Epistemological Trends in the Literature on Mobile Devices, Mobile Learning, and Learners with Visual Impairments

Research output: Contribution to journalReview article

3 Citations (Scopus)
131 Downloads (Pure)

Abstract

This study is significant because learning with mobile devices is increasing as a method of educating and training learners with visual impairments, but evaluation of its method is rare. In addition, the epistemological model used in this study is designed to improve future research designs. This article reviews the literature on the use of mobile devices by learners with visual impairments in a variety of learning environments. The study's three objectives are to pursue avenues of research in m-learning and visual impairment, stimulate debate on the nature and role of mobile technologies in the education of learners with visual impairments, and develop a debate on the best use of technologies in m-learning. The study uses an epistemological model of visual impairment as an instrument to critically analyze different ontologies and paradigms of research. The epistemological model is also analyzed as an analytical instrument. The study identifies three academic paradigms in this field: (1) conceptual, (2) design and user testing, (3) m-learning in situ. The study also finds these three paradigms ontologize visual impairment in different ways, meaning that there is little cohesion in research and practice. The study finds that research on the development and use of technologies by learners with visual impairments is restricted by a lack of cohesion in theory and practice. This lack of cohesion is thought to be largely due to the immature nature of this topic as a field of study.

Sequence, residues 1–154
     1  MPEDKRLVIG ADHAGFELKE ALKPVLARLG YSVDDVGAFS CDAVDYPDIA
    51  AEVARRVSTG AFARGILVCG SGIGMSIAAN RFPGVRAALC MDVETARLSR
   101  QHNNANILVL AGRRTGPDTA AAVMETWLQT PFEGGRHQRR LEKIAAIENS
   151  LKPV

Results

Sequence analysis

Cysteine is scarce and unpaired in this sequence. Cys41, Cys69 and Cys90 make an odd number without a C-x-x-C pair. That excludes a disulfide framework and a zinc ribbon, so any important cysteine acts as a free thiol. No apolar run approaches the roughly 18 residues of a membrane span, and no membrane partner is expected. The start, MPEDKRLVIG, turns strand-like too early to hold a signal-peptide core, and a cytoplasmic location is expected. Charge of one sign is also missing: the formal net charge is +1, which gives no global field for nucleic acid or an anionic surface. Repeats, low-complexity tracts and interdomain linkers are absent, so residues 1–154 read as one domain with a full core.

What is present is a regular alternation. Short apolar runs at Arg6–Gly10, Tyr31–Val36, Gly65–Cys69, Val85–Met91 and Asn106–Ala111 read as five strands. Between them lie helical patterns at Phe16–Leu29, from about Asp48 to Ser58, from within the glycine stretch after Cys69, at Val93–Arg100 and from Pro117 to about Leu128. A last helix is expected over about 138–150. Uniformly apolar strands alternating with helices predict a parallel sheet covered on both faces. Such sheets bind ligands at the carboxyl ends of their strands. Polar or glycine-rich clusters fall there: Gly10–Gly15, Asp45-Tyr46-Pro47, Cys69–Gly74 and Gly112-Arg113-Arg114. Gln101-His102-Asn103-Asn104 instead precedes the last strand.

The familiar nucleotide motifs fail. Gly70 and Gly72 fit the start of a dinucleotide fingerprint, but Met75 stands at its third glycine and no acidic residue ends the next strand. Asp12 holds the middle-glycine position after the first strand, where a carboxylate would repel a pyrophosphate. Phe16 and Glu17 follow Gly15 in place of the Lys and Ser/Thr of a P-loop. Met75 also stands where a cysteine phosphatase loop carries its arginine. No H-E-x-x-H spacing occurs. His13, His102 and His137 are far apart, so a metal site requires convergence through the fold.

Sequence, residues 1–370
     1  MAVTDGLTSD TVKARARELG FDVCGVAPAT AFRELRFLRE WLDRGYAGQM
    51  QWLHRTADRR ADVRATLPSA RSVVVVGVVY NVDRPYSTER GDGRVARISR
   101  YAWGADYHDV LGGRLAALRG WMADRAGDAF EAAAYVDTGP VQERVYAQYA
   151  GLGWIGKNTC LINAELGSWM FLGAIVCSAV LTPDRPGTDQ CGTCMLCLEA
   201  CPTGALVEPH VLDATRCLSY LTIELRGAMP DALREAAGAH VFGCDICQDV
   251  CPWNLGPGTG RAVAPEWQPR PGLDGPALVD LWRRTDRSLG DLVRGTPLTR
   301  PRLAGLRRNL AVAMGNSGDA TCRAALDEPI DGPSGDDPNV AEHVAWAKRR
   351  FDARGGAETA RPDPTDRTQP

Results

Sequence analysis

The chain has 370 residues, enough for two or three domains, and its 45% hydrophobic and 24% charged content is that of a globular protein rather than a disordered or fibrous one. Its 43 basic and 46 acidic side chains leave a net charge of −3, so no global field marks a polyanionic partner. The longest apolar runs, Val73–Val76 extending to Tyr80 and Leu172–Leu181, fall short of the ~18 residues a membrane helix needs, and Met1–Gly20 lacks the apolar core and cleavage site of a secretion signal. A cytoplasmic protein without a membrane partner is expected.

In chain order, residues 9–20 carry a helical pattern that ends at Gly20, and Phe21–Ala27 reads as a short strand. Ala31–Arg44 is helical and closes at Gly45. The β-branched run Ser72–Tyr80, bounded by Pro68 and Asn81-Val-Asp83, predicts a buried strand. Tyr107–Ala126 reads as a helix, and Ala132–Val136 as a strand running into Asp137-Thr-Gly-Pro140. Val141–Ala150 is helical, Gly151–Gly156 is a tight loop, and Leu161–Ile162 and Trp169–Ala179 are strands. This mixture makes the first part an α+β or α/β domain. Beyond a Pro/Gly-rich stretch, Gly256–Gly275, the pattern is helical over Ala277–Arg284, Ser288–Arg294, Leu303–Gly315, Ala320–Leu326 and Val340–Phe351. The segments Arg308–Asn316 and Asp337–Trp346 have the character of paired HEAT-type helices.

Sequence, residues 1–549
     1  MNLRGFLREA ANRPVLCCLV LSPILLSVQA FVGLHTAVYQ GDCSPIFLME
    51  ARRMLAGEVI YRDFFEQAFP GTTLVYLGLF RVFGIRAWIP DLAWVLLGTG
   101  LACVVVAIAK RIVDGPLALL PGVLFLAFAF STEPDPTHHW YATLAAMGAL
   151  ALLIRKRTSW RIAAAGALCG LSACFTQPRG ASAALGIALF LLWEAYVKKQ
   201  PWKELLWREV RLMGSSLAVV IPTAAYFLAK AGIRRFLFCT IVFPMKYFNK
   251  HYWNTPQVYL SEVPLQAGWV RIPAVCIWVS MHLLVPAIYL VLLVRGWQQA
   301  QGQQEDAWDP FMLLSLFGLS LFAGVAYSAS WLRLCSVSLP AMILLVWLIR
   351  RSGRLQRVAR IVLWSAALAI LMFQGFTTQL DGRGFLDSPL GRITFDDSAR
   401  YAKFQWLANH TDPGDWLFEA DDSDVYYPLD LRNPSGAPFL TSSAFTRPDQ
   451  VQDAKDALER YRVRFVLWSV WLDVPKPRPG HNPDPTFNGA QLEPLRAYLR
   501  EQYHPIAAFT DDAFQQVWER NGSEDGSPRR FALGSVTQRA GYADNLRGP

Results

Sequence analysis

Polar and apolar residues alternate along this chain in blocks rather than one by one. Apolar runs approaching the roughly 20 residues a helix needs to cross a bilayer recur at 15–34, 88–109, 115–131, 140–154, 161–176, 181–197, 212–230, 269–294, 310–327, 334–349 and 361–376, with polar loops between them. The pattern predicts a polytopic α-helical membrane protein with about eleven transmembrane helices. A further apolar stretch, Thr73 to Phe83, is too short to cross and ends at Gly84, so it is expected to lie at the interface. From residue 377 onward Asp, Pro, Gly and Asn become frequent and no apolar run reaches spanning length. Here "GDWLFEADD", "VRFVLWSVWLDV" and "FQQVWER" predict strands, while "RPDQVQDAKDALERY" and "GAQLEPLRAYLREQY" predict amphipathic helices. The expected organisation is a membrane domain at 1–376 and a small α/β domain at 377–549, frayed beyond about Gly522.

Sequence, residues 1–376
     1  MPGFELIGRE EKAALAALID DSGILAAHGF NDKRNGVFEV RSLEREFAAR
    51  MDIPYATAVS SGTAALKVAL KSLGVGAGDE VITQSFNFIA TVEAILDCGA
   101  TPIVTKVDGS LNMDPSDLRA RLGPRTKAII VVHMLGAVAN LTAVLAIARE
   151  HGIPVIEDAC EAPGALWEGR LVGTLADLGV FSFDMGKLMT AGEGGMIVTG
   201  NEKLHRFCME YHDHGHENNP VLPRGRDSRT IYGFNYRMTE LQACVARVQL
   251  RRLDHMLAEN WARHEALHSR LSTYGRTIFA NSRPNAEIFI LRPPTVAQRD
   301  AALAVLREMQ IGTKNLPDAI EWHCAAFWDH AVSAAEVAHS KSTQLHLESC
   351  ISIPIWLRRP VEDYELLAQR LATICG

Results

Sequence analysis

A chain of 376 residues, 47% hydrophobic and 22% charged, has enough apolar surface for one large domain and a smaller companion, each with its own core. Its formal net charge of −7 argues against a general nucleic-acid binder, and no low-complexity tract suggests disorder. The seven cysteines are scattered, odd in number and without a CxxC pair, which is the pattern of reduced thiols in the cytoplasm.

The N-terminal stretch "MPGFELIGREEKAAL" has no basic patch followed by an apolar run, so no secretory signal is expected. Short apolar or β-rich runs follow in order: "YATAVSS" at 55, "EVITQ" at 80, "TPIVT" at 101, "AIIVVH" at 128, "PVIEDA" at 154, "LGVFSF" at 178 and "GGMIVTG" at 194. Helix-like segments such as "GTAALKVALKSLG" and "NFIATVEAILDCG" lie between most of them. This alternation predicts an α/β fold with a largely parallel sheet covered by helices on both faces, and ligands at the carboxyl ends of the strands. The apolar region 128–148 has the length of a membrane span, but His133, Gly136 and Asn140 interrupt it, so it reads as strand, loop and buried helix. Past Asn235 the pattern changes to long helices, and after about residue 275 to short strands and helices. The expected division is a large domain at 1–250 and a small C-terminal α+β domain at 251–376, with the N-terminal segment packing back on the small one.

Original languageEnglish
Pages (from-to)889-897
Number of pages9
JournalOptometry and Vision Science
Volume95
Issue number9
DOIs
Publication statusPublished - 1 Sep 2018

Keywords

  • visual impairment
  • mobile technology
  • M-learning
  • mobile learning
  • Tablets
  • iPad
  • systematic review
  • grounded theory

ASJC Scopus subject areas

  • Ophthalmology
  • Optometry

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  • Projects

    SC: Sensing Culture

    Hayhoe, S.

    1/09/161/05/18

    Project: UK charity

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